Playing an instrument requires the use of both your muscular and nervous systems. Musicians are athletes. Unlike runners or swimmers, we use mostly the smaller muscles which we all tend to take for granted in everyday tasks such as using a knife and fork or tying our shoe laces. The difference of course lies in the degree of organisation and rapidity required to choreograph the hands to a musical image created in the brain.
Some people mysteriously possess this degree of coordination as a gift. They are called prodigies. The rest of us have to work hard to acquire this facility through patient and methodical study. However even prodigies can lose their amazing facility through misuse of their bodies if they are unlucky. The legendary virtuoso Leon Fleisher is probably the most famous example of this, although there are numerous other examples.
Posture is extremely important, whether we are talking about how we sit at the piano or how the hands are positioned on the keys. How high should the wrist be in relation to the fingers? How passive should the arm be prior to and after a note or chord is played? How can we balance the need to relax with the need to be primed for precise movement? These basic questions dominate the field of piano pedagogy and the variety of approaching piano technique is truly perplexing. Piano teachers need to be flexible in their approach. A method that works for one person may not work for another. The first principle has to be to be aware of how the body is required to move and to listen to your own body so as to avoid injury. This is something that should be emphasized in every piano lesson.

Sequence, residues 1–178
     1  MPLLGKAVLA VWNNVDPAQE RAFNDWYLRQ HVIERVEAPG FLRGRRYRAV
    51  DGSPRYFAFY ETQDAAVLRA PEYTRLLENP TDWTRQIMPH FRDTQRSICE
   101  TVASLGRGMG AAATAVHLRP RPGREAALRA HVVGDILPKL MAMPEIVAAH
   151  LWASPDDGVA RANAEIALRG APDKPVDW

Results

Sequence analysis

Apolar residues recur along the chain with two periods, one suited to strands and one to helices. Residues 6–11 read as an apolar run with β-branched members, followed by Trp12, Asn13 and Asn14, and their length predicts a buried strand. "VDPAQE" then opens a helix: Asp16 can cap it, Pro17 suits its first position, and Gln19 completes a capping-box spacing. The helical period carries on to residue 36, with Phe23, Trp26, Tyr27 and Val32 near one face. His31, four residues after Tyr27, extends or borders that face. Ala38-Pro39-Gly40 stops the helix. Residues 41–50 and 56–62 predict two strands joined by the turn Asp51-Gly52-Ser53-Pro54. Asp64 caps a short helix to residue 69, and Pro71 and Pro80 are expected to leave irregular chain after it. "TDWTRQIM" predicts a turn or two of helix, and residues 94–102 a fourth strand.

Because our joints and muscles function best when they are well within their extreme range of motion, it makes sense to establish as great a freedom as possible in the joints whilst maintaining an economy of movement in the muscles. The fact that muscles tire very easily is not something that is changed by doing hours of exercises to build them up. It is important to acknowledge this, especially given that the muscles for the fingers reside in the forearm. So any exercise we do at the piano that frees the joints and involves the immediate release of tension in the muscles being used is likely to improve performance.